Is Life Hevel?

In the last Sunday of 2018, I was given the opportunity to preach at LakeRidge, which is where I work. I felt the inspiration to tackle a big topic in under 30 minutes. That topic was the meaning of life in the book of Ecclesiastes, focusing on chapter 1. You’re thinking to yourself that is crazy, and someone who is truly a novice should not be tackling such a large complex topic. You speak the truth, but I like tackling and communicating difficult things. Overall, when I listen back to my sermon; I don’t give myself a passing grade, but I still have much to learn about communicating.

I thought it best to make my sermon more dialogical, less monological. Now, a sermon is by nature a monologue. Most of my training is to get up and present my ideas, sources, etc. Thus, you can imagine that doing something like that is truly difficult, which is why I don’t think I did bad, but I didn’t do well either (if I was grading myself). Another way to think about it, I didn’t hit it out of the park, but I do think I had a good double. Also, I am my biggest critic.

As I prepared to preach this sermon and this book, I was confronted by the book’s construction and how the author(s) went about making the point. The main point of Ecclesiastes is to deconstruct all the way we find meaning and purpose apart from God. The author does this by launching a thought experiment for the reader to engage in and reflect alongside the author. So, I felt that my normal academic and rigorous way of constructing my arguments, etc. was useless because I would be forcing the text to do something in which it was not designed to do. The book is constructed as a monologue, yet also a dialogue. It is as if we are flies on the wall to this person’s conversation.

As I have been stating above, the book of Ecclesiastes is a thought experiment done in a conversation over life’s meaning. Qohelet, the one who is speaking for much of Ecclesiastes, states that life is hevel. Thus, this word hevel is what takes center stage throughout the book to find something that isn’t hevel. The book can be seen as defining the word. Throughout the book, hevel is then pictured in two distinct ways: 1) temporary and fleeting, like smoke, and 2) engima or paradox, like knowing whether someone will love you or hate you.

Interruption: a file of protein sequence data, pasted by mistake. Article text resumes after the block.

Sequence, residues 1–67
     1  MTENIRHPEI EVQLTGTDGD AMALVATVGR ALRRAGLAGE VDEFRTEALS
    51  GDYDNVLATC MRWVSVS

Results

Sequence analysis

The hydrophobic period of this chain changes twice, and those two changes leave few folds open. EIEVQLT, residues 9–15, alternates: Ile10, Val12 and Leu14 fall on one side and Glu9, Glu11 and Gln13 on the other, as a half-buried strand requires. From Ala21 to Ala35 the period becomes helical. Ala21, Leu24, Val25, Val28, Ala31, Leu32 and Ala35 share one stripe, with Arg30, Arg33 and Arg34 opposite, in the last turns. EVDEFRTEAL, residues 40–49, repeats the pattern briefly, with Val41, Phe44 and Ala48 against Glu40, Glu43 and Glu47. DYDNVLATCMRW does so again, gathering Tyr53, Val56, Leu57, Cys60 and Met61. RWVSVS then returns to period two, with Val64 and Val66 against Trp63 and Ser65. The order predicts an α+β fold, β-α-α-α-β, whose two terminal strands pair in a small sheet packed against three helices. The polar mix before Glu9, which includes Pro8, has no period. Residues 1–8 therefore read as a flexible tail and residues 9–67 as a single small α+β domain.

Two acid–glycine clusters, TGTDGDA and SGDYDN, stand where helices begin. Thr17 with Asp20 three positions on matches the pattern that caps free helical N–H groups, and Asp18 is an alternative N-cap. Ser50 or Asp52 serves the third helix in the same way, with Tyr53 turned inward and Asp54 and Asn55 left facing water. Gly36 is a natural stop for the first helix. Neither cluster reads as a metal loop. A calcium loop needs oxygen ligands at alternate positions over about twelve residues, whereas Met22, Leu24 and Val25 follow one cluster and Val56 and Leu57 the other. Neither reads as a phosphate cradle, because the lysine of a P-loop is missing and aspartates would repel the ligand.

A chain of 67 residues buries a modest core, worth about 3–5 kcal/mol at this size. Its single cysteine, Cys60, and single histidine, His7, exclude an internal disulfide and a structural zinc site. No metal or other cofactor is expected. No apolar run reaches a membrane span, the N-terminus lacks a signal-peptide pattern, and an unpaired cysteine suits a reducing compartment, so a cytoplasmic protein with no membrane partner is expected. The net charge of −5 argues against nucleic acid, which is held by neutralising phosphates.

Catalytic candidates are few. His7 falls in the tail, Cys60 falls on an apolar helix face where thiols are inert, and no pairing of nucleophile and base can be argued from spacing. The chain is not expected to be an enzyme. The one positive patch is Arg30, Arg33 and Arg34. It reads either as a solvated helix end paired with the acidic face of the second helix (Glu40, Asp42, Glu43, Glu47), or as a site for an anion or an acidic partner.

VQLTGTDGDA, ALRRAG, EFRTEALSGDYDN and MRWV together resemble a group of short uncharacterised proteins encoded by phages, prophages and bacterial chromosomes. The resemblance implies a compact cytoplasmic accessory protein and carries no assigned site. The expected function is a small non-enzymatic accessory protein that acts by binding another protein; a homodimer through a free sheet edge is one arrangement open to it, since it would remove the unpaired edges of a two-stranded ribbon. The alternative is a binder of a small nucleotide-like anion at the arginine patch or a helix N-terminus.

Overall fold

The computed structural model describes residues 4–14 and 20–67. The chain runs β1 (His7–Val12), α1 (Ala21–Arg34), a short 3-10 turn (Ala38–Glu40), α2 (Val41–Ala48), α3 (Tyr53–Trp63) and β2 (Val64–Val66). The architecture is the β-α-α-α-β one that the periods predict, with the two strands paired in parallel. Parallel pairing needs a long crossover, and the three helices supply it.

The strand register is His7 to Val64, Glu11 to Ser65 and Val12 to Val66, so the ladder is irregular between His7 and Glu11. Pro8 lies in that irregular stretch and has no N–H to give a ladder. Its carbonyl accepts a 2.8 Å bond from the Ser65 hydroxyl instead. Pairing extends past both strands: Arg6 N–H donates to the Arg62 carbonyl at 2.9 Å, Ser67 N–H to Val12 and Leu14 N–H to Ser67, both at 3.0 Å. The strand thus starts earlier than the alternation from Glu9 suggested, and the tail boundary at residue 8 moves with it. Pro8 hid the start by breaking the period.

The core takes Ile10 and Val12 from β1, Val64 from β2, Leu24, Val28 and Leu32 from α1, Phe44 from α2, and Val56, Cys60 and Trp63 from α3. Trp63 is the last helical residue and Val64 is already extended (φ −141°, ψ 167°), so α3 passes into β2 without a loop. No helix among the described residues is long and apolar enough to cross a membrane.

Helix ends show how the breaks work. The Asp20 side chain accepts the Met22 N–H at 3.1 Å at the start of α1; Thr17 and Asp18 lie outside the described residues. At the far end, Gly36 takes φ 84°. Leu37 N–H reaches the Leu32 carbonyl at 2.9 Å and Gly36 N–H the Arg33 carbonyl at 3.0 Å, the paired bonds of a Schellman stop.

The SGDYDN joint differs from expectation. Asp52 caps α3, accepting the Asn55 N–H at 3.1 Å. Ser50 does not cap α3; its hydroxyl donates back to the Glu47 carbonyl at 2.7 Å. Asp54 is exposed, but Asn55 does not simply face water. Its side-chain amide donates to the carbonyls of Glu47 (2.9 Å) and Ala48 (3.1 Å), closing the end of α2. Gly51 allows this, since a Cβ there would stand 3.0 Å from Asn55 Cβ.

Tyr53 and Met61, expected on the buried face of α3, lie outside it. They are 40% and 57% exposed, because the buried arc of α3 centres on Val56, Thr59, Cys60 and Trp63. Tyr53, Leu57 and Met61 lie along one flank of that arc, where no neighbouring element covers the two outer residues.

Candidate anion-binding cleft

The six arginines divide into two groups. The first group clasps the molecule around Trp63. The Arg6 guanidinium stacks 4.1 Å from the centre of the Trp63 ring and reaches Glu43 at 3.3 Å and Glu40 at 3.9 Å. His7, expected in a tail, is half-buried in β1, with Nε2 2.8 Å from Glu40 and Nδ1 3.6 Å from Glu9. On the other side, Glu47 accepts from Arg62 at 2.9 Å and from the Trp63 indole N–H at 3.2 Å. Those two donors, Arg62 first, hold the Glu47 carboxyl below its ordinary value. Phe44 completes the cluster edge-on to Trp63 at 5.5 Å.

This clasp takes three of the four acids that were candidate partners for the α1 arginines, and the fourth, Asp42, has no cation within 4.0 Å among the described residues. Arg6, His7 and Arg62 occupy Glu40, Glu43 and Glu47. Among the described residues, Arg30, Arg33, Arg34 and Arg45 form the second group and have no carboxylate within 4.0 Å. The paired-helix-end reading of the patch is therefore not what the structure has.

My brother, Joel, and his wife, Cre, offered a helpful note for me to remember to not get too heady, but to deliver content that could be manageable for a large audience. I have been known to go over the heads of everyone, and I’m trying to correct that. (Note: this is not meant to sound pretentious as it is to remember that epistemically we are all at different places, so we must communicate in a way that brings much of an audience along in the reasoning and verbalization. In other words, I’m still learning how to bring people along in a journey.)

A Sermon on Micah 6:1-8 —Am I Loving You Well?

Click the play button to hear the sermon.

This past Sunday I was given the opportunity to preach at one of the churches in my dad’s association. I happily accepted the invitation, believing that I could finish the deck I’ve been working on for the past week by the middle of the week so that I could get in some good studying and preparation for the engagement. I was sorely mistaken because I didn’t finish the deck until Saturday with the help of my long-time best friend, Elijah. He came down from NW PA to spend time with me. I sought to study at night, but I underestimated the exhaustion from the labor, so I fell asleep in the middle of my reflecting and writing notes. Anyway, I felt a lot of pressure on myself Saturday while I wrote my thoughts down; I didn’t have enough time to reflect back on them so as to edit and refine them the way I’d like. So, I felt the inadequacy of thoughts and wording. Nevertheless, there came a moment when I had to deliver this talk.